Three main approaches for segmenting a word into characters are defined in [8]: external segmentation, internal segmentation and holistic. External segmentation is the most commonly used approach to segmentation, where the possible letter boundaries are found prior to recognition.

In internal segmentation, both segmentation and recognition of letters are accomplished at the same time. In holistic based algorithms (also called no segmentation)

Table 1. The main shapes that construct Arabic letters.

general features of the whole word are extracted in order to recognize it and no characters are extracted.

Srihari [9] introduced one of the first external segmentation algorithms which segmented the Latin word at the minima of the lower contour of the writing. However, no performance results were reported for his algorithm.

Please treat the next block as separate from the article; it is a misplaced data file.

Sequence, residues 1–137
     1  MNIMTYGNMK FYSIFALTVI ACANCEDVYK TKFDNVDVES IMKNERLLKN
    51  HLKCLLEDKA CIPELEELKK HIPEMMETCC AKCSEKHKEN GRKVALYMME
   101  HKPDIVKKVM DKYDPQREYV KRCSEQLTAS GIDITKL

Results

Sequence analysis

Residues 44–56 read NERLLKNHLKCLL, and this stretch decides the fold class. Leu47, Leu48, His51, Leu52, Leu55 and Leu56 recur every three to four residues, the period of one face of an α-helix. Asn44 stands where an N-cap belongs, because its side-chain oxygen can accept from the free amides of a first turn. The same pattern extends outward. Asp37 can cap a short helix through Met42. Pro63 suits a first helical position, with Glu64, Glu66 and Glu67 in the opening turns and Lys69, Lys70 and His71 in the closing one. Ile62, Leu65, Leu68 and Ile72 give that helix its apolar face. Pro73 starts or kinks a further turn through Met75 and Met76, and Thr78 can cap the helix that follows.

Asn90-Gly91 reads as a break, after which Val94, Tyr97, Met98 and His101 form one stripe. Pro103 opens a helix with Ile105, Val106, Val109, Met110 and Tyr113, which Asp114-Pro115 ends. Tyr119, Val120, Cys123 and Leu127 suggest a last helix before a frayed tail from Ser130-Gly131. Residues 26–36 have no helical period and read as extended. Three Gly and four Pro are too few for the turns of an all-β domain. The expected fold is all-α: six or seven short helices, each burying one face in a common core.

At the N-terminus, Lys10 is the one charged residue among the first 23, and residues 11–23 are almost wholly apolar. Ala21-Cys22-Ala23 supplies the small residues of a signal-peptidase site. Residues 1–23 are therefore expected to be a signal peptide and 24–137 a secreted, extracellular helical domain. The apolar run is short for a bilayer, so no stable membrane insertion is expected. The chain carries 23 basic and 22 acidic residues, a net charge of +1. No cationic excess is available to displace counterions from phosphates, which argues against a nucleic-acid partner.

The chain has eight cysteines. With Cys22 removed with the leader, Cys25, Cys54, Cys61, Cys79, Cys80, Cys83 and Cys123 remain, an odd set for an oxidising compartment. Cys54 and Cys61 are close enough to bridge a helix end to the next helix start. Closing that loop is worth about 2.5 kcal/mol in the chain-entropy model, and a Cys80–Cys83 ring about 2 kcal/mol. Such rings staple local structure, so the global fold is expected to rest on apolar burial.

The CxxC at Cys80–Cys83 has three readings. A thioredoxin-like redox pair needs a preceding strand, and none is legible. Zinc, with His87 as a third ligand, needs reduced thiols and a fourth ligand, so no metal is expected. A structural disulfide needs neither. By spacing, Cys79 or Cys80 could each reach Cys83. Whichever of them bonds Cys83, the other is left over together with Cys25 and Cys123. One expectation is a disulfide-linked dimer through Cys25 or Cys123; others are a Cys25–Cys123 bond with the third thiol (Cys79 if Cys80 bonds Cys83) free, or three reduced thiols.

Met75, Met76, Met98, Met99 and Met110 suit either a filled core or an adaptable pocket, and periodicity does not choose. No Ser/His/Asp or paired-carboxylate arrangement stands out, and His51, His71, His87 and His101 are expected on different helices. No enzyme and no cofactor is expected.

Another segmentation method [10] is based on using mathematical morphology tools, namely singularities and regularities, where Amin, Motawa and Sabourin determined singularities by applying an opening to the Arabic handwritten word image and regularities by subtracting the singularities from the original image. These regularities are the candidates for segmentation. The algorithm achieved an accuracy of 81.88%. However, in some cases, it extracted two characters from the same segment. The same method is used for Latin handwriting [11,12].

Blumenstein and Verma applied a simple heuristic segmentation algorithm to Latin texts [13,14]. It finds segmentation points in printed and cursive handwritten words by looking for minimas or arcs between letters which can be the ideal segmentation points.